I work for a small company that does restorations for Heritage Board houses and churches in Toronto.
I deal mostly with the repair of historical buildings, whether to brickwork or stone architectural features. Heritage masonry is a lost art here. It's pretty gratifying to work on a building that's 100 or 200 years old. Reproducing architectural features through masonry is really challenging but rewarding work.
I have a geography degree from the University of Guelph, with a minor in environmental studies, which led me into the office world. But I knew I would go crazy in an office.
When I was a kid, I'd buy a toy and take it apart as soon as I got home. I've always had an interest in the historical aspect of craftsmanship. One of my hobbies is restoring historical motorcycles, and I build my own furniture instead of going to Ikea.
I took an architectural technician diploma at George Brown. You learn the technicalities and the methodologies, but it's not until you get on site that you get to implement what you've learned. In school they focus on creating simple designs that can be mass-produced quickly at reasonable cost. I was never interested in that, so historical restoration is something I pursued on my own.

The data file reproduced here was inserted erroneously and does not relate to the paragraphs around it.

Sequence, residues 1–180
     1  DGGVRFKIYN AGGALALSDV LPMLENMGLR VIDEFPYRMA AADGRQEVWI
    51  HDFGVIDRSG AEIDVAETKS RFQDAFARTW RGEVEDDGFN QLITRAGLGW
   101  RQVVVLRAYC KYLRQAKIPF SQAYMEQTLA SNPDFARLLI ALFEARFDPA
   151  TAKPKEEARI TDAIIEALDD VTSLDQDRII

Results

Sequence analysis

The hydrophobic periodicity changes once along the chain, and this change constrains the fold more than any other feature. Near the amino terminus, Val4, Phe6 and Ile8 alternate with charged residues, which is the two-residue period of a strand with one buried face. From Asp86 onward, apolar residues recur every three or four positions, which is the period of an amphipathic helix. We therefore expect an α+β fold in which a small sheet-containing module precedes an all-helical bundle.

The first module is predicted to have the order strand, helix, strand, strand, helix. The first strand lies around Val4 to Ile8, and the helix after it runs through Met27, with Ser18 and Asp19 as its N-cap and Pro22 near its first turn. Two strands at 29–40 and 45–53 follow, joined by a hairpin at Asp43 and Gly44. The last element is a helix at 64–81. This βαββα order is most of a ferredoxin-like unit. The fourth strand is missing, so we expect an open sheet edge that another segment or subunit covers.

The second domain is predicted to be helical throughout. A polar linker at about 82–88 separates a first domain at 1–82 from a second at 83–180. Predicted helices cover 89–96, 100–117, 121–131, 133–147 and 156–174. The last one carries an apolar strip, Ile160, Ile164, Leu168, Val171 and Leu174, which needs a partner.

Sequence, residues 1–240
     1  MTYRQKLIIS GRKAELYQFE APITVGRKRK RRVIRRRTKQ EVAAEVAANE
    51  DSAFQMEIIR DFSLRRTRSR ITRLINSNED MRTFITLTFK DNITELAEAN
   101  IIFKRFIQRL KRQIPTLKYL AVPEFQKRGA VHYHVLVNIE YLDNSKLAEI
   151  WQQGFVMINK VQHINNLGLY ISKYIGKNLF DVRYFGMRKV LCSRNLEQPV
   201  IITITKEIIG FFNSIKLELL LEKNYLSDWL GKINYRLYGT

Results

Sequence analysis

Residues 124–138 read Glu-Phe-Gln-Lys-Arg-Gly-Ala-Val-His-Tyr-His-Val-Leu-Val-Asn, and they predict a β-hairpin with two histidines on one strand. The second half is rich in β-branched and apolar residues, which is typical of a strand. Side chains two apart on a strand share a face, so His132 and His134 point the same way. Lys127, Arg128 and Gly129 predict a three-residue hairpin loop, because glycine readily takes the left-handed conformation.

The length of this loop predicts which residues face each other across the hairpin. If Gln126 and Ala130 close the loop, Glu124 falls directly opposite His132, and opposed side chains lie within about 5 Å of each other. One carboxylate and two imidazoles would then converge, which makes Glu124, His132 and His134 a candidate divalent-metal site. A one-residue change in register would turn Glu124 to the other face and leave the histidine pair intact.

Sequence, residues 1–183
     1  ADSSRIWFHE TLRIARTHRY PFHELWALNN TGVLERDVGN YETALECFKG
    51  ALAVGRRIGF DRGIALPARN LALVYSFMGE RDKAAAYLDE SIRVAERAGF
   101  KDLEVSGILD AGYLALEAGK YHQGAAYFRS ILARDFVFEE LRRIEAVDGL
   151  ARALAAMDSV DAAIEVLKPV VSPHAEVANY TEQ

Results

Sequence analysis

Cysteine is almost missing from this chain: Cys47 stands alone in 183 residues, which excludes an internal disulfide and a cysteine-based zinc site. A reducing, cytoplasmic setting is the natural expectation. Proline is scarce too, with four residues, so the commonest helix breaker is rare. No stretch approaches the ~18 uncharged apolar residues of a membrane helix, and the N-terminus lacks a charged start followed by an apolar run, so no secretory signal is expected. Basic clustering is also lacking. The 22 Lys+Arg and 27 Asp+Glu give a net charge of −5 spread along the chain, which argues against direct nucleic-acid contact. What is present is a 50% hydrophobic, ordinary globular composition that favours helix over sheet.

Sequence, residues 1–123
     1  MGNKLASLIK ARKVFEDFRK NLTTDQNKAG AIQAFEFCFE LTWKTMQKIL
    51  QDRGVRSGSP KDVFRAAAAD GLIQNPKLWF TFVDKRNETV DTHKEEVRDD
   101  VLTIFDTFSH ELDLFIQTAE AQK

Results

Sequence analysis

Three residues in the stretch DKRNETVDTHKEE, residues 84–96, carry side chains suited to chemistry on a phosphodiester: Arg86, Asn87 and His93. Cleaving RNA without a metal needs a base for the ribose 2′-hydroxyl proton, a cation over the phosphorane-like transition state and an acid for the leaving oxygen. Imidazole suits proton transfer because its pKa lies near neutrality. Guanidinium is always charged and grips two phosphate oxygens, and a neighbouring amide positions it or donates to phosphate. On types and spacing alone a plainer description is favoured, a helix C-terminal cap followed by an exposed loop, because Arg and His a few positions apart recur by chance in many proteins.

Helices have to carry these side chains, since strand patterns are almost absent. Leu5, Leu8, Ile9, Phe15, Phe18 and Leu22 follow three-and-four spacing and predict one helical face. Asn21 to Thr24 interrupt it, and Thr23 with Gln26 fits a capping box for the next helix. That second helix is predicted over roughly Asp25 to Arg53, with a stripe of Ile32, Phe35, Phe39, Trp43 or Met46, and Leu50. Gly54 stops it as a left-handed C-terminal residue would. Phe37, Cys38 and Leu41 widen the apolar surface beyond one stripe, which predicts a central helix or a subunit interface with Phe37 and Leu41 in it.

The work we do allows people to live downtown without constructing new houses. When you compare a historical building that's over 100 years old with new builds whose materials have a lifespan of less than 50 years, you see more sustainability in something that's historic.